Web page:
• Sloppy Walter is supposed to be paranoid! Ain't he?

    Like all Breaking Bad episodes, this is a good one, with Walt panicking and stressing over his increasingly dangerous relationship with Gustavo. However, this episode shows Walt turning up at Jessie's house and talking freely for a second time. (The same happened in the last episode) I'm moaning about this because I'm pretty sure, if this show was real, Walt wouldn't dare talk so openly inside Jessie's house. Anyone as paranoid and as stressed as Walt clearly is, would think the house might have been bugged without Jesse knowing. He definitely wouldn't start talking about ricin and assassinating Gustavo so openly like this, I know I wouldn't and Walt is a lot smarter than me. To make it even worse, his own house was bugged in the first season so he knows how easy it is and because he is fully aware of how much his employers resent him and Jesse, and how much they want to kill them at the first opportunity, it seems more likely than not, that they would have bugged Jessie's house and his own apartment.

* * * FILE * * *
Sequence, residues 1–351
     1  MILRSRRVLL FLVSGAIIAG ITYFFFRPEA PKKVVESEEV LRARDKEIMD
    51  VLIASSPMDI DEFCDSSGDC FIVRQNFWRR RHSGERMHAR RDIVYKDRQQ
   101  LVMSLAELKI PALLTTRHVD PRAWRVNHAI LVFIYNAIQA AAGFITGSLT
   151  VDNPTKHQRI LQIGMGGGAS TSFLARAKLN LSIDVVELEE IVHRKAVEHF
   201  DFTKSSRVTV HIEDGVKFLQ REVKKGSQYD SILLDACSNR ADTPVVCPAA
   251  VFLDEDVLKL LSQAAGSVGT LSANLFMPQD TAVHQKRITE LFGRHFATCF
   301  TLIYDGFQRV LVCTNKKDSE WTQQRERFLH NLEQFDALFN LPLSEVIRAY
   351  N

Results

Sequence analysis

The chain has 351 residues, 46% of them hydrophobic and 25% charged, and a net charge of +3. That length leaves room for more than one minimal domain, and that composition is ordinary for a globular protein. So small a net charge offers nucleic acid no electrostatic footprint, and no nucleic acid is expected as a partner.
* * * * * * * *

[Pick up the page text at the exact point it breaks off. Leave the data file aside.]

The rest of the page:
This is just a small criticism that I believe the writers should have considered. Maybe they did consider it, maybe It's just be me being a bit pedantic and over critical and the writers decided to ignore this likely scenario to give them some good locations to shoot important scenes. Well, I just thought I'd share what I was thinking while watching this episode.

    Anyway, as I said, this is a great episode overall as it had me on the edge of my seat as usual.
  • 9/4


    "Hermanos" gives us the background of Gus and Hector and it provides one of the most riveting drug dealer scenes in television history. Yes, I might be in the moment a bit when I write this, but I do know that it was an enthralling scene for this show. This is a program that has really been working hard to build up its supporting cast this season and perhaps they did it no better than tonight. Walt and Jesse were not even on as much as usual in this episode and it still was one of the season's best.

    Great episode tonight. The show might be on the verge of its first Emmy for Outstanding Drama Series after this season.

  • "What do we know about this Gustavo Fring?"


    The pressure continues to mount on Gus. The APD/DEA investigation into his connection with Gale and blue meth continues, if in an unorthodox way. His prize employees continue to plot his murder, with mixed results. And the Cartel, who we learn have had their ultimatum to Gus spurned, are certainly coming at him in force. In this whirlwind, we get some backstory to explain Gus's position and motivation.